Search Images Maps Play YouTube News Gmail Drive More »
Sign in
Screen reader users: click this link for accessible mode. Accessible mode has the same essential features but works better with your reader.

Patents

  1. Advanced Patent Search
Publication numberUS3131651 A
Publication typeGrant
Publication dateMay 5, 1964
Filing dateMay 8, 1962
Priority dateMay 8, 1962
Publication numberUS 3131651 A, US 3131651A, US-A-3131651, US3131651 A, US3131651A
InventorsHamilton Jr Walter E, Kelner Richard W, Staman Irving H
Original AssigneeHamilton Jr Walter E, Kelner Richard W, Staman Irving H
Export CitationBiBTeX, EndNote, RefMan
External Links: USPTO, USPTO Assignment, Espacenet
Food preparing utensil
US 3131651 A
Images(1)
Previous page
Next page
Description  (OCR text may contain errors)

May 5, 1964 R. w. KELNER ETAL 7 3,131,651

FOOD PREPARING UTENSIL Filed May 8, 1962 INVENTOR. M RICHARD W. KELNER IRVING H- STAMAN WALTER E. HAMILTON. JR BY: FULWIDERJVIATTINGLY 8. HUNTLEY A T TQR NEYS United States Patent 3,131,651 F001) PREPARING UTENSIL Richard W. Kelner, Irving H. Staman, and Walter E.

Hamilton, 11:, Garden Grove, (Ialif. (all of 3728 Atlantic Ave, Long Beach '7, Qaiifi} Filed May 8, 1962, Set. Ne. 193,134

2 Elaims. (Cl. 1tl7--1) The present invention relates generally to the culinary art and more particularly to a new and novel utensil for forming and coating crumbed food products.

The preparation of certain foods requires that a food product such as crackers, dry breads and the like be first crumbed whereafter the crumbs are mixed with a batter or dip. The heretofore utilized utensils employed in such crumbing and dipping were not designed for this specific purpose. In particular, there has not been heretofore provided a single utensil capable of carrying out both crumbing and dipping. It is a major object of the present invention to provide such a novel utensil.

Another object of the present invention is to provide a utensil of the aforedescribed nature which may be economically produced by mass production methods so as to be marketable at a comparatively low price.

A further object of the present invention is to provide a utensil of the aforedescribed nature which is extremely compact thereby requiring minimum storage space.

An additional object of the present invention is to provide a utensil of the aforedescribed nature which may be readily cleaned after use.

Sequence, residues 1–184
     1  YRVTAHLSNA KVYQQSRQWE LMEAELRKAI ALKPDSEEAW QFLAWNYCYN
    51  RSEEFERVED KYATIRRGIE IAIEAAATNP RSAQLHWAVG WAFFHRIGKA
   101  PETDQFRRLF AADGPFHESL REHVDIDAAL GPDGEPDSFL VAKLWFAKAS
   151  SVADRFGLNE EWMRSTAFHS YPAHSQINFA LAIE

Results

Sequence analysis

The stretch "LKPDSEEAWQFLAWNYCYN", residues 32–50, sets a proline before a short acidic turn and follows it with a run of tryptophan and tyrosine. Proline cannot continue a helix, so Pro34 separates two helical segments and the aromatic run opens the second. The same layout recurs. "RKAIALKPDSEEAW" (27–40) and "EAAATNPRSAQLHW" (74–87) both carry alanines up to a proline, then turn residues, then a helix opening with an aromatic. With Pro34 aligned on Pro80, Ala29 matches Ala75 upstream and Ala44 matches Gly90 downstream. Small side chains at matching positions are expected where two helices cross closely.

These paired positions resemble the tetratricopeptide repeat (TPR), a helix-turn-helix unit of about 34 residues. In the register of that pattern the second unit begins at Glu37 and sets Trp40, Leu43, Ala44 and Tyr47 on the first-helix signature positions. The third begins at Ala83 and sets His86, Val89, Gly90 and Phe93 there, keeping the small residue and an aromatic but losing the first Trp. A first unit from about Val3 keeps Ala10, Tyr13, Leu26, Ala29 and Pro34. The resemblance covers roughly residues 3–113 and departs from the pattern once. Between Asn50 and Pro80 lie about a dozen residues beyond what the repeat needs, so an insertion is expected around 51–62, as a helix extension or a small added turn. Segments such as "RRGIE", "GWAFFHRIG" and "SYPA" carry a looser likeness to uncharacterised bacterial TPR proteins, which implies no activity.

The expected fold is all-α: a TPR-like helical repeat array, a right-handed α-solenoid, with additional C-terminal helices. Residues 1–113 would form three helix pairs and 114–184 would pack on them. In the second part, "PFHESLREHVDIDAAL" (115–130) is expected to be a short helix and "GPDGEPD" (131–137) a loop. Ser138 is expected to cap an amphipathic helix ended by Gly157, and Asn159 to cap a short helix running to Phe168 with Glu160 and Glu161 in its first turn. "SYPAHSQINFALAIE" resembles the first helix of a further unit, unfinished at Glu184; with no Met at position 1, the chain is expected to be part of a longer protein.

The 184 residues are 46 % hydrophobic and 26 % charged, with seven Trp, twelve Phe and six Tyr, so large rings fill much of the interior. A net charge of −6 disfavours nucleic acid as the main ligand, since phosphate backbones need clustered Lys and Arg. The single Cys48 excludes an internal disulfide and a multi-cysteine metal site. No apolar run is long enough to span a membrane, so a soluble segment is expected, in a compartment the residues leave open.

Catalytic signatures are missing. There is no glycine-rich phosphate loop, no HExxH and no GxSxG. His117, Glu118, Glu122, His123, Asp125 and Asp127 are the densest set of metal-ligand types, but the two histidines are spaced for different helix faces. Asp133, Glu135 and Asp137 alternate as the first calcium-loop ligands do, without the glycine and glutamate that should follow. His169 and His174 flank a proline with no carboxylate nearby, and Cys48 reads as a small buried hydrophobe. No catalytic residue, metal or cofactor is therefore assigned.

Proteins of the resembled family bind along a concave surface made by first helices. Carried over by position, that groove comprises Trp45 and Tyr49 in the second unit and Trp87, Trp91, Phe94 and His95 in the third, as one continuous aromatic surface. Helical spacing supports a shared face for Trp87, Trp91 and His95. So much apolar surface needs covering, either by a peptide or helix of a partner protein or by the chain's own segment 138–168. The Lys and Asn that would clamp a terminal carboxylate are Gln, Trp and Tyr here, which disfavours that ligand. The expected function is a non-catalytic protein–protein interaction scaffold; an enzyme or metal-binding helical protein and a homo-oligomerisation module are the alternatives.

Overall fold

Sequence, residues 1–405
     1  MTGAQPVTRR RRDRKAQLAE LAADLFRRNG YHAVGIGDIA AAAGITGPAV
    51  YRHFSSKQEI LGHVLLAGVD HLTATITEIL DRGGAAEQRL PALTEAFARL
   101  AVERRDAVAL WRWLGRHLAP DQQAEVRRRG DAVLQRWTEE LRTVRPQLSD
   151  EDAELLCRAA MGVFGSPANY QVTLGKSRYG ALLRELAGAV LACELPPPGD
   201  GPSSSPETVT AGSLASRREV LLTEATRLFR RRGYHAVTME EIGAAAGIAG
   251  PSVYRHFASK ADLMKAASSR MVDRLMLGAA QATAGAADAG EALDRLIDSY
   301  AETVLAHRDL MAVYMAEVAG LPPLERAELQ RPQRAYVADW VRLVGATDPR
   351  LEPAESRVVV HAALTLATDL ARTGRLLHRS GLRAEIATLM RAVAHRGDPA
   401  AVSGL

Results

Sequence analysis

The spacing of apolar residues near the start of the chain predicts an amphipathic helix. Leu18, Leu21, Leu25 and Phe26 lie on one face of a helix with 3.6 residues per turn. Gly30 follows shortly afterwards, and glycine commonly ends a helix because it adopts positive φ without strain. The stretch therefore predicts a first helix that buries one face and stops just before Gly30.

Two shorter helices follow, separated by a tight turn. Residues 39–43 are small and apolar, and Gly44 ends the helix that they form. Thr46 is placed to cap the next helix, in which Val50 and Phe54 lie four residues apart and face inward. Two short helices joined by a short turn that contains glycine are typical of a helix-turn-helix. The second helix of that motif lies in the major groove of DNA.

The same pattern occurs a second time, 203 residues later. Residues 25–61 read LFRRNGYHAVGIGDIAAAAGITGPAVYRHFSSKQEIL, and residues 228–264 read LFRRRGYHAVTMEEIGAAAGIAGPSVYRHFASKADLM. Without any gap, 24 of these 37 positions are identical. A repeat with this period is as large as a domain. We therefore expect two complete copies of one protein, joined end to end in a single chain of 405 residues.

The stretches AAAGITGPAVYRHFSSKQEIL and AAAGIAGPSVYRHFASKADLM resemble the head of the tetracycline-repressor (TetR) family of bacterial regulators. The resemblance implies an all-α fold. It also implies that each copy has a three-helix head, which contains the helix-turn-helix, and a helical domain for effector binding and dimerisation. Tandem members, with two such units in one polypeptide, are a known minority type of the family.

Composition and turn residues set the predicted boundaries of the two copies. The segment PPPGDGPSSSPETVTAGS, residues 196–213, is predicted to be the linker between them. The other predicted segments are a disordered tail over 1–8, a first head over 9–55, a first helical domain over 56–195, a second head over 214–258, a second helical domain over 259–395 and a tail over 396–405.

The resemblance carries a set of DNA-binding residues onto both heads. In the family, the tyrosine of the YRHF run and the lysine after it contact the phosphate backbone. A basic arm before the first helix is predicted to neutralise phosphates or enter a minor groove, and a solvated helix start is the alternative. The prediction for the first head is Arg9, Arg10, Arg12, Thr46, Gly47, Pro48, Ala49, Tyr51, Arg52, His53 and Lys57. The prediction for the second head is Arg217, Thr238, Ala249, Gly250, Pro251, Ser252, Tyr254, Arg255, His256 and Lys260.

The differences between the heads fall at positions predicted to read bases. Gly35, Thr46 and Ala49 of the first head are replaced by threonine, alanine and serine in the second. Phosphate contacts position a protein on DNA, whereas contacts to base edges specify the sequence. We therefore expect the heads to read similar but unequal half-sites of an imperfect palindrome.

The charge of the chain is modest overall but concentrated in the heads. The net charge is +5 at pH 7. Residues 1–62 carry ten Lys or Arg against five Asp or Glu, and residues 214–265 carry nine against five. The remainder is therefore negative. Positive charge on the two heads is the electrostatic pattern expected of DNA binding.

A particular object of the present invention is to provide a utensil of the aforedescribed nature which considerably reduces the time heretofore required for crumbing and dipping food products.

These and other objects and advantages of the present invention will become apparent from the following detailed description, when taken in conjunction with the appended drawings wherein:

FIGURE 1 is a perspective view showing a preferred embodiment of the present invention;

FIGURE 2 is a vertical sectional view taken on line 22 of FIGURE 1;

FIGURE 3 is a perspective view showing a step in the use of said device;

FIGURE 4 is a perspective view similar to FIGURE 3 showing a subsequent step in the use of said device; and

FIGURE 5 is a fragmentary enlarged plan view of the encircled area designated 5 in FIGURE 4.

Referring to the drawings, a utensil embodying a preferred form of the present invention is adapted for use in conjunction with a conventional rolling pin R. The utensil includes an open-topped receptacle 0 having a width somewhat greater than the length of the cylindrical roller of the rolling pin R. The receptacle 0 includes a longitudinally curved flat bottom 12 provided with a pair of upstanding side walls 14 and 1d. The receptacle also includes a pair of upstanding end walls 18 and 219 that extend between the opposite ends of the side walls 14 and 16. The receptacle may be formed of various rigid materials such as synthetic plastic, metal or wood.

The receptacle 0 is also provided with an upstanding separator plate 22 shown in FIGURES 3, 4 and 5. The separator plate 22 may conveniently be formed of the same material as the aforedescribed elements of the receptacle 0.

Referring to FIGURE 5, the ends of the separator plate 22 are vertically slidably received by slots 24 formed at the midportion of the side walls 14 and 16 whereby the separator plate may be readily engaged with and disengaged from the receptacle 0,